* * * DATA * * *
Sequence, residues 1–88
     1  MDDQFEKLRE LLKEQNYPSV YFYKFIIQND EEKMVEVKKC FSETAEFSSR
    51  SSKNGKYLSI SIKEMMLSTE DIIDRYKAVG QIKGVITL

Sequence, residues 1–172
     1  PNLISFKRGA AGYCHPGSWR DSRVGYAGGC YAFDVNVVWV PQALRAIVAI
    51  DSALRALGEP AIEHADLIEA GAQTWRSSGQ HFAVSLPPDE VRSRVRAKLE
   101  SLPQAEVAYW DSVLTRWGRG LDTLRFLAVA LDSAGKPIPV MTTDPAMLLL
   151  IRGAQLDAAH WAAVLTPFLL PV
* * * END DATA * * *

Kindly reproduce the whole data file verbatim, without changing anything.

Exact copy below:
Sequence, residues 1–88
     1  MDDQFEKLRE LLKEQNYPSV YFYKFIIQND EEKMVEVKKC FSETAEFSSR
    51  SSKNGKYLSI SIKEMMLSTE DIIDRYKAVG QIKGVITL

Sequence, residues 1–172
     1  PNLISFKRGA AGYCHPGSWR DSRVGYAGGC YAFDVNVVWV PQALRAIVAI
    51  DSALRALGEP AIEHADLIEA GAQTWRSSGQ HFAVSLPPDE VRSRVRAKLE
   101  SLPQAEVAYW DSVLTRWGRG LDTLRFLAVA LDSAGKPIPV MTTDPAMLLL
   151  IRGAQLDAAH WAAVLTPFLL PV